Inner City Press on June 8 asked UN envoy to Somalia Nicholas Kay about the UN Office of Project Services report(s) on UN figure David Bax on which it has exclusively reported, this time that Bax while in Somalia purchased an anti-aircraft gun SA-7.
Kay was handed a piece of paper and read out that this allegation is under investigation and therefore he can have no comment at this time.
Inner City Press replied it has heard the UNOPS report is finished, and asked in any event if it or a summary will be made public. Kay said what he had read was all he could say.
Inner City Press also asked Somalia’s prime minister and Maman Sidikou, Special Representative of the Chairperson of the AU Commission for Somalia about the geographic scope of the AMISOM mission, including in Somaliland and Puntland and about US stated plans to send an ambassador.
The Somalia Prime Minister, Omar A Sharma’arke said “the way AMISOM was geographically ‘placed’ is not in line with the state foundation systems. So, we put a request to the Council to reconfigure the AMISOM forces in line with the kind of state formation at the finishing line”.
When the UN Mine Action Service held its annual press conference on April 1, Inner City Press wanted to ask UNMAS Director Agnes Marcaillou about landines in South Sudan and UNMAS’ promotion of multiply-accused deminer David Bax from Somalia to Gaza.
But also at the press conference were Japan’s Deputy Permanent Representative and the Dutch Permanent Representative Karel van Oosterom, who it was said had to leave early, to meet with Secretary-General Ban Ki-moon.
So Inner City Press first asked van Oosterom if Dutch Queen Maxine, in Myanmar, would be raising the landmine issues in that country.
No, van Oosterom said, the Queen is in Myanmar in her capacity as UN Special Advocate for Inclusive Finance for Development. But he (and UNMAS’ Marcaillou) assured that she and other Dutch official raise the landmine issue wherever they go.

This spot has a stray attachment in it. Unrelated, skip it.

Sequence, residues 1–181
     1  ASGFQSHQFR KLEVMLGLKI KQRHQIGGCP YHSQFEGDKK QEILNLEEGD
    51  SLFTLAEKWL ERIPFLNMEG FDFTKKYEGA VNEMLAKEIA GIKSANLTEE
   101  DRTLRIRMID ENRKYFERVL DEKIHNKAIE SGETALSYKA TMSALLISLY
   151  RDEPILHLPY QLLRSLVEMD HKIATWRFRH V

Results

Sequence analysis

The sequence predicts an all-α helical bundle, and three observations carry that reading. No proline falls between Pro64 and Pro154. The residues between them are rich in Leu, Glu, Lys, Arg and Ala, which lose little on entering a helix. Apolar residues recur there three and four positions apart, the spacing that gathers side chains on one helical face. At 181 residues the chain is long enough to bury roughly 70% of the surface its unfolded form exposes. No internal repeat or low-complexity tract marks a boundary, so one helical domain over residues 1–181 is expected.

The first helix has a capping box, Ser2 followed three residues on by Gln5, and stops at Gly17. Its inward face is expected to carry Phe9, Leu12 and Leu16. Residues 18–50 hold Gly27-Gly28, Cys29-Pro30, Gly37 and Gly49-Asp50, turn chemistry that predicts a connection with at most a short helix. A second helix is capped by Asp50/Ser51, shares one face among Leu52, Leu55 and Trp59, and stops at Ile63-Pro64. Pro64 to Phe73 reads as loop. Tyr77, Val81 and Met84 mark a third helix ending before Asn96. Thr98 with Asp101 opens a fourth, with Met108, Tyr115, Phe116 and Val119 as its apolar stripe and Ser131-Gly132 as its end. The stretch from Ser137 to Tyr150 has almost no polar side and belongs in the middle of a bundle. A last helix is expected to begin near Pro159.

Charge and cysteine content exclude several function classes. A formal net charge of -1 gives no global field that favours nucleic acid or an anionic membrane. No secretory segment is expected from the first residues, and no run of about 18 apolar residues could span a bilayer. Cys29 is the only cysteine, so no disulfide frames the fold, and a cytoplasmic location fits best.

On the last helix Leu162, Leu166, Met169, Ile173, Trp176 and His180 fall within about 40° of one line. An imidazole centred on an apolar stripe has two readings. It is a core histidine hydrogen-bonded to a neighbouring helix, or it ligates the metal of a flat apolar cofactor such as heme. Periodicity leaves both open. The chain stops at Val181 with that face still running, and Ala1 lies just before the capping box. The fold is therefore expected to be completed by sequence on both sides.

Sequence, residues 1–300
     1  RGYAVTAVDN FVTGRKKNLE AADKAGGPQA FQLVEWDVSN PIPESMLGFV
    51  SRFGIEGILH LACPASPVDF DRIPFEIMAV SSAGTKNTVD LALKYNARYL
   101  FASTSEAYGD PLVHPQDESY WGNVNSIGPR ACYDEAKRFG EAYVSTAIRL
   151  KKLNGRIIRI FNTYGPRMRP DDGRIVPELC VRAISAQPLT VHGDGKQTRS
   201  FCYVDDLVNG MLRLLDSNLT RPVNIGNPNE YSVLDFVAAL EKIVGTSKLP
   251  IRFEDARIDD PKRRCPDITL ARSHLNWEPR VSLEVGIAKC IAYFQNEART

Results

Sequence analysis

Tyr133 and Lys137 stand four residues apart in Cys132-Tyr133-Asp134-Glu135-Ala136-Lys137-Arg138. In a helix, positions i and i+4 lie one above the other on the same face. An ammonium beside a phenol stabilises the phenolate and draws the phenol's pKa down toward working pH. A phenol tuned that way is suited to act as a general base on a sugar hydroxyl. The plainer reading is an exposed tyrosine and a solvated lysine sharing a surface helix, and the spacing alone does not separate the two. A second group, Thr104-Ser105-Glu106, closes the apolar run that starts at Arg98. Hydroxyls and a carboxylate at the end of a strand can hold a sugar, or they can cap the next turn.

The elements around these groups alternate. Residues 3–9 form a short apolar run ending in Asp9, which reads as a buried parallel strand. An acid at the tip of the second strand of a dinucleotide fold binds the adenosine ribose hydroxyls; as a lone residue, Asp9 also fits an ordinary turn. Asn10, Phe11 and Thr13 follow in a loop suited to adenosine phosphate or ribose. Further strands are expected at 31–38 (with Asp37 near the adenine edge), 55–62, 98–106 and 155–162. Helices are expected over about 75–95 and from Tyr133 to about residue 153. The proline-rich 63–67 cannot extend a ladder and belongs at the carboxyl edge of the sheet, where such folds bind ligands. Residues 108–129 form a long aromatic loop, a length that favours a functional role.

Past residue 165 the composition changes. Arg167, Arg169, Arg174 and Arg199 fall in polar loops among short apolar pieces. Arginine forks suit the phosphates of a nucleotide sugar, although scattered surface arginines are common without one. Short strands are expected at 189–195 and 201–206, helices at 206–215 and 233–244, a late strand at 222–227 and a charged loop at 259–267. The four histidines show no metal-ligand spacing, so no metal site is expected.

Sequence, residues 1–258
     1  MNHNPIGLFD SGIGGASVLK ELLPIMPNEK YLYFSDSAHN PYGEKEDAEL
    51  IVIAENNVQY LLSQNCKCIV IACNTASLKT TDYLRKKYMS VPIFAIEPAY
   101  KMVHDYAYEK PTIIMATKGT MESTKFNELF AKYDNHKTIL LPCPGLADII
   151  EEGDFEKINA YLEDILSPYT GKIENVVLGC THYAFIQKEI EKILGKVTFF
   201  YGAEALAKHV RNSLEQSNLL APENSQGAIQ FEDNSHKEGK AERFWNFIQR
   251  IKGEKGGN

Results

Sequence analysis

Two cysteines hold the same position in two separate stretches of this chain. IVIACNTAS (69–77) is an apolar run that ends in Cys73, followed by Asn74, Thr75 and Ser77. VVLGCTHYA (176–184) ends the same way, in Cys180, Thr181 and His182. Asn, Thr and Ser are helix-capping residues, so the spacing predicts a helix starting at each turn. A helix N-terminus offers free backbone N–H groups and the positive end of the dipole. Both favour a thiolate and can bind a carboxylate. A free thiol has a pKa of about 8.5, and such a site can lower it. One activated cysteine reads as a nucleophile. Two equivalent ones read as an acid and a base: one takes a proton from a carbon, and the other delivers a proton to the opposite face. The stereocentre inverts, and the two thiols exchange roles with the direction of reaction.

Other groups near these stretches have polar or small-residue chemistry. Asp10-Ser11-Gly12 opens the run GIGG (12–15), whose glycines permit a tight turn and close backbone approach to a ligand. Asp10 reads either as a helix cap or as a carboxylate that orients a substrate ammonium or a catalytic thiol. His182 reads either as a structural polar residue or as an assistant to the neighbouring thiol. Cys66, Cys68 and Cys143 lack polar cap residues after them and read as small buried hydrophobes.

Later, Inner City Press asked Marcaillou about the reported use of landmines in South Sudan and about the disposition of the investigation(s) into David Bax, who whistleblowers in Somalia alleged shared DNA information about Somalia bombers with US intelligence, as well as engaging in conflicts of interest.
Marcaillou spoke passionately about South Sudan, where UNMAS found cluster bombs were used but could not find by whom. She said UNMAS coordinated a statement on the landline allegation, by IGAD with the UN Mission UNMISS. Later she said that UNMAS dogs were used to check if explosives were being brought into UNMISS protection of civilians site.
On Bax, the answer was less convincing. Marcaillou as she did last year pointed to an investigation by the UN Office of Project Services – but this time acknowledged that she had not seen the whole UNOPS report.
This is the case even though Bax is a UNMAS employee – it’s that UNMAS outsources its human resources activities to UNOPS. But shouldn’t Marcaillou as UNMAS director have access to investigative reports about UNMAS staffers? We’ll have more on this.
Footnote: After the briefing, Inner City Press mused whether the Netherlands, running for one of two Western European and Other Group seats on the UN Security Council against Italy and Sweden, would be upping its contributions to UNMAS.
Karel van Oosterom replied that “currently, tender process under way for for years 2016-20. Share UNMAS will depend on quality its proposals.”
This level of detail is appreciated. And wouldn’t one think that assessment would include UNMAS’ transparency, including whether it demands and gets access to investigative reports about UNMAS staff like Bax and the issues raised? We’ll have more on this.